Is it really "magical and revolutionary" as Apple's marketing machine would like you to believe? After two days of playing around with the 3G version of the iPad, I would have to say categorically and unequivocally, I think it might actually be.
The set-up is pure Apple. Simple and fast. You won't need to read through an instruction manual. There's not one in the box if you decided that you wanted to. The actions required to get you hooked up to a computer so you can register and start downloading numerous apps (including the many useful free ones, e.g., Evernote) are painless. The process to sign up for 3G service, piece 'o cake, the interface, nothing to it.
The form factor is liberating. I told a friend on Friday that the size and feel is unique and that once you use it, it's hard to go backwards. Imagine that for centuries we all became accustomed to reading books that were attached to the wall. We were used to it and we didn't know any better. Then one day, someone introduces you to a book you can hold in your hands. The book you can bring wherever you go. The book you lift and raise and manipulate to fit your position and mood. You would never go back to a wall mounted book ever again. Similarly, the iPad makes it difficult to return to a desktop (and yes even notebook) computer again.
Keyboards? Years ago, Apple introduced the iMac computer sans floppy drive. At that time, floppies were the de facto means of transporting data. Not so said the company from Cupertino. That's what the Internet and new devices such as USB thumb drives were for. Apple was right and floppies were dead. I've been using the onscreen keyboard for two days now and find it simple and accurate. I'm typing this post on it now and find the error rate and speed to be quite close to the real deal. I would not invest in a physical keyboard company any time soon.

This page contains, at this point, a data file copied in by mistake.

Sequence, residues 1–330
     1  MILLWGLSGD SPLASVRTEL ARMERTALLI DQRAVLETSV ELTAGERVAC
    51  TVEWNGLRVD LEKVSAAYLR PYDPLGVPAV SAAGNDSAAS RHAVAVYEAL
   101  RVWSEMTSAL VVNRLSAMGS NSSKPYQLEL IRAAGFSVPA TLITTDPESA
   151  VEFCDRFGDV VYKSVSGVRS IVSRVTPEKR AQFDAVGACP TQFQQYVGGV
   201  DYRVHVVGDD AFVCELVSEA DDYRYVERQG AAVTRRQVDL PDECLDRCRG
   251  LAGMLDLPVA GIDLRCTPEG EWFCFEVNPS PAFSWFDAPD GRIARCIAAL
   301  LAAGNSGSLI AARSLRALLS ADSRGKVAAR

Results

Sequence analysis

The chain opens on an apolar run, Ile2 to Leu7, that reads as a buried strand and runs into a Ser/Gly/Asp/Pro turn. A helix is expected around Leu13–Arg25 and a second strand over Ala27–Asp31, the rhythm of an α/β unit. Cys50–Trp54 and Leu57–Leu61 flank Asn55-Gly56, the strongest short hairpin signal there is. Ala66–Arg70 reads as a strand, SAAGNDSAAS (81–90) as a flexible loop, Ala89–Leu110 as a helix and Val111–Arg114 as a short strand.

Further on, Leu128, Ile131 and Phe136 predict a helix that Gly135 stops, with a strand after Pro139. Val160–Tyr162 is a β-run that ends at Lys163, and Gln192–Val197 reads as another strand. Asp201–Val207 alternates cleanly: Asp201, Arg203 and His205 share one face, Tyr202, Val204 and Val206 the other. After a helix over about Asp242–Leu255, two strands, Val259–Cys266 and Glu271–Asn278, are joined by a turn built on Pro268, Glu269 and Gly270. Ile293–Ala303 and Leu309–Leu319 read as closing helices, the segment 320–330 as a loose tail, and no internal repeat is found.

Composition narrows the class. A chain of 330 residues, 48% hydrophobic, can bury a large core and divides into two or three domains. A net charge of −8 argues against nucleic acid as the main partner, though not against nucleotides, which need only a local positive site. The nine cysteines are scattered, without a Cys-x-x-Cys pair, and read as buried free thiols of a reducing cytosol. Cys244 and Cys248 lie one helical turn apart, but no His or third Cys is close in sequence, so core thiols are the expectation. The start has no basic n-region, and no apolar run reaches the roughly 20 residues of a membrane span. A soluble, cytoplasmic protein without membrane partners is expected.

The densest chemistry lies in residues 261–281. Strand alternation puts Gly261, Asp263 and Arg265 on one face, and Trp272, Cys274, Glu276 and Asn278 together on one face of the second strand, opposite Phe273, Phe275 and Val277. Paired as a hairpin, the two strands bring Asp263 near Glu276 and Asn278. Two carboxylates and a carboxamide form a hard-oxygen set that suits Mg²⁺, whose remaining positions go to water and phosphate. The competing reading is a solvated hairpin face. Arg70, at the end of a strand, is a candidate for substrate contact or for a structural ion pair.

Many iPad apps are not bigger versions of iPhone/iPod Touch apps. Evernote, Things, Ewallet and others have added some amazing improvements capitalizing on the bigger screen and faster processors. To those who said this is just a big iPod, I would say: not so.
The battery life is amazing. I've been on this device quite a bit all weekend and still show 54% battery life left. Again, liberating.
In closing, the first impression is very good. Tomorrow, I begin to put this through the paces as a full-on commuter replacement in the office. More updates to follow.
- Posted using BlogPress from my iPad